Updated: Jun 23
Did you know that highly motivated people also struggle with procrastination? Here are some tips to help overcome procrastination when job searching.
When we think of procrastination, it’s usually associated with laziness or lack of motivation. Did you know that quite the opposite can be the true cause? People who are highly motivated and possess a solid work ethic also struggle with procrastinating. Why? Because procrastination “is a protective strategy for coping with conflicting motivations,” according to Dominic Vogue, senior associate director at the McGraw Center for Teaching and Learning at Princeton University. (Higheredjobs.com)
The motivations behind finding a job can be complex, and this triggers procrastination. Job seekers usually want a good-paying position along with aligned values, service to a common good, and career satisfaction. At the same time, they also want to protect their own personal brand and worth which will inevitably be under judgment during the process. With this in mind, here are three strategies for overcoming procrastination as you look for a job.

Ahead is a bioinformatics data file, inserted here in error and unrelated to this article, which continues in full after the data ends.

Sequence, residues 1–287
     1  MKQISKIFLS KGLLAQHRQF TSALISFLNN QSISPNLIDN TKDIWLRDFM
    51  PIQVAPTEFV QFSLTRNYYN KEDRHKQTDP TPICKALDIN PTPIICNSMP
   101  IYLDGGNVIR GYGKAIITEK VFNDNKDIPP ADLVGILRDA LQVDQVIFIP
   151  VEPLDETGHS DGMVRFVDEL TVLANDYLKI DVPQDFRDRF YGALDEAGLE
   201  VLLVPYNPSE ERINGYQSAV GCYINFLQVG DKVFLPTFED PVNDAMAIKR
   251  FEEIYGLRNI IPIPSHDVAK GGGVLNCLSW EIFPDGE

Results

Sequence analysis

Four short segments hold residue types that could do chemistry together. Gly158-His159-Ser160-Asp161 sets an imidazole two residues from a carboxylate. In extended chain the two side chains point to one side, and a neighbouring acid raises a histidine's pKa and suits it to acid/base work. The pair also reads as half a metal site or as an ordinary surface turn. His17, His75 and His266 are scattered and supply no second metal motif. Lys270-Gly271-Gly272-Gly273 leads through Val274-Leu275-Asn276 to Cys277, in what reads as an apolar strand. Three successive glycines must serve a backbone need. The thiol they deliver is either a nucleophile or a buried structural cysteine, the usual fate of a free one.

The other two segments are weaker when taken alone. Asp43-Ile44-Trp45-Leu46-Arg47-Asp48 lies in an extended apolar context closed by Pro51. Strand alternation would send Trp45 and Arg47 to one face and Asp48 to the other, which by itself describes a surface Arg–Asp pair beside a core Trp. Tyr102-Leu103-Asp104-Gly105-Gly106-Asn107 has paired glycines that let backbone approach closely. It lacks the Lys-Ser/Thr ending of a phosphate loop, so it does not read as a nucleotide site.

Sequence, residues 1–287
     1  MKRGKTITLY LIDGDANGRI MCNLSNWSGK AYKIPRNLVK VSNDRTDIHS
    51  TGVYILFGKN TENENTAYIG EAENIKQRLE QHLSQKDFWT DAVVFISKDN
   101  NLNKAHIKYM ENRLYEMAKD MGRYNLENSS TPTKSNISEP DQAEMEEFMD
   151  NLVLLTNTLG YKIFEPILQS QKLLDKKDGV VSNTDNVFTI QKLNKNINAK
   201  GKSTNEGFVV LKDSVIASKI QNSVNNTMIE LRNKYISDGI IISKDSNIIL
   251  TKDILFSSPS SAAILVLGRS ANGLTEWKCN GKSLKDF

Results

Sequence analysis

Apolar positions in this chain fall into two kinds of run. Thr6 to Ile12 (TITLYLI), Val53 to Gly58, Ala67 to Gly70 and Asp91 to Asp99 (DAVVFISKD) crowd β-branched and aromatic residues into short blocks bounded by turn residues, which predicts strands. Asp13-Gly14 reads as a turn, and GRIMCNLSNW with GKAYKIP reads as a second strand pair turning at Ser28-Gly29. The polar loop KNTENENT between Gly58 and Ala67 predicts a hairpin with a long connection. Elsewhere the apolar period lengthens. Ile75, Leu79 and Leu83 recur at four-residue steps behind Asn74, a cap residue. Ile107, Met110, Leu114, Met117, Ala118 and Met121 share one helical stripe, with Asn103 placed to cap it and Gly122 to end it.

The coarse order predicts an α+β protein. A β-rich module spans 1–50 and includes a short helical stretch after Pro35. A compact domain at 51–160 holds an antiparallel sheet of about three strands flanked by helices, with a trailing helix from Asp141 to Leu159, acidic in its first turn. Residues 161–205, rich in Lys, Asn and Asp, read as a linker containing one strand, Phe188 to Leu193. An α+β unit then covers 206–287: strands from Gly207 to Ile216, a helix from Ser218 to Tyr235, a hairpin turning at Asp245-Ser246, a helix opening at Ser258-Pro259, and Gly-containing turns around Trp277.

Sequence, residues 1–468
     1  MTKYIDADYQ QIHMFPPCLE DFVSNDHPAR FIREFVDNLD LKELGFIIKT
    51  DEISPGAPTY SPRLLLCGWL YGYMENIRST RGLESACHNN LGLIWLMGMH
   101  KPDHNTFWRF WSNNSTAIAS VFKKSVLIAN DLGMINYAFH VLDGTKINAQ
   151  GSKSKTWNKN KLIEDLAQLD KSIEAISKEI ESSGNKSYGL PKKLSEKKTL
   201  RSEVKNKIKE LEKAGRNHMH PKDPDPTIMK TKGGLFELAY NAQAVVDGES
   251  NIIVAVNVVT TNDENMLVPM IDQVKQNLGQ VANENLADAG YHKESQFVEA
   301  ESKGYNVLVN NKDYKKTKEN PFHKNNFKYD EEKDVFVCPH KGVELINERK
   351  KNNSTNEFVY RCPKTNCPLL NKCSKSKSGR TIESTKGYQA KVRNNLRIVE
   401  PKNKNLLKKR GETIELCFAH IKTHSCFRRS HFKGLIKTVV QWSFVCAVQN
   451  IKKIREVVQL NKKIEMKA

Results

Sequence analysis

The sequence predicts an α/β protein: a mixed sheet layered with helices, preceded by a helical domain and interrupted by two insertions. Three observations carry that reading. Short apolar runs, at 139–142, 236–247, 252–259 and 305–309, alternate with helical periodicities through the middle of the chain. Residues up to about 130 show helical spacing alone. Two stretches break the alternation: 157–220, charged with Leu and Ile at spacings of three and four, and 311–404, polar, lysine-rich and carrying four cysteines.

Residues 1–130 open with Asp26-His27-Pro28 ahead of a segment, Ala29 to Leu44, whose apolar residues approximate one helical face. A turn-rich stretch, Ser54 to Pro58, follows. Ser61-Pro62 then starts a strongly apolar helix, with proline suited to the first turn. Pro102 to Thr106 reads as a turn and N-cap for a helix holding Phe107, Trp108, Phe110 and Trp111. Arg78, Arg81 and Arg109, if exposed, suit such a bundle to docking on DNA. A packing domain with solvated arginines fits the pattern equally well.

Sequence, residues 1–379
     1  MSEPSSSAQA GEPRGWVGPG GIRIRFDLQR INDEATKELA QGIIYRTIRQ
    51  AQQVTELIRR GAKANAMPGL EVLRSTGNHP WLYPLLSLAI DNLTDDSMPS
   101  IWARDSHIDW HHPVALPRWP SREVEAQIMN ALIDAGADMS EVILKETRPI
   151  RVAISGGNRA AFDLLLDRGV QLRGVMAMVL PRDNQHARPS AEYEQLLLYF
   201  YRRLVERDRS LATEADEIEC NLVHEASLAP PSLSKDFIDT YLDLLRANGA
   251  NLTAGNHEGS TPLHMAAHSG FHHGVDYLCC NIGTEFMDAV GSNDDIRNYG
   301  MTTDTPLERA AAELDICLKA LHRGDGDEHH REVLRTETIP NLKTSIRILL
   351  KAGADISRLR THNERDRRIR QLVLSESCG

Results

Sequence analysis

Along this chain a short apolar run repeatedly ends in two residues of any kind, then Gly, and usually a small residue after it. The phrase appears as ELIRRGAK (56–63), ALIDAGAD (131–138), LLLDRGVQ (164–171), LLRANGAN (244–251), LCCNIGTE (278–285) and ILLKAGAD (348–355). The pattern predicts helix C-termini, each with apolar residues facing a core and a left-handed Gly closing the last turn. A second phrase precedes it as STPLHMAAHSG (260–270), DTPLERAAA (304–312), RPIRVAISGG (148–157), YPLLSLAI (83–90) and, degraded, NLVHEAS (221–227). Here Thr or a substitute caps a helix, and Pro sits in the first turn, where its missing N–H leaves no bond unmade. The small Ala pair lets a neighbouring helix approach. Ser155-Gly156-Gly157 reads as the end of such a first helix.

Schedule in time. Everyone tends to be overbooked in today’s world. As you look for a job, life commitments like your current job, kids, partners, cooking, cleaning (just about anything) may seem more important than applying for open positions. To help, break your search into achievable categories: research, identify, and prepare. First, research what jobs are available. Next, identify those that interest you and that you qualify for. Finally, work your resume and cover letter to fit these openings. All of these steps are logical, but the key is to schedule the planning period on the front end and commit to doing it.
What are your fears? At the deep core of procrastination, there could be fears as well. Especially if you’ve been job searching for a while, you could be dealing with some paralyzing fears. Fear of rejection is a major reason people put off applying for jobs. It’s important to learn how to reframe this type of rejection. Everyone goes through it, and through rejection, you may be saved from a job that you would have hated. Take charge of your fears and don’t fall victim to them as this only slows you down from achieving what you want to in life.
Take breaks. Looking for a job can be a relentless task that (until you land that new job) can be really thankless. Just the idea of sending dozens of cover letters and resumes out into the abyss only to never hear anything back is enough to make you not want to get started. For this reason, push yourself to get going but schedule some breaks in ahead of time. Maybe take two days off a week when you don’t think about applying for jobs. Be intentional about taking this time and commit to it as much as you commit to submitting applications.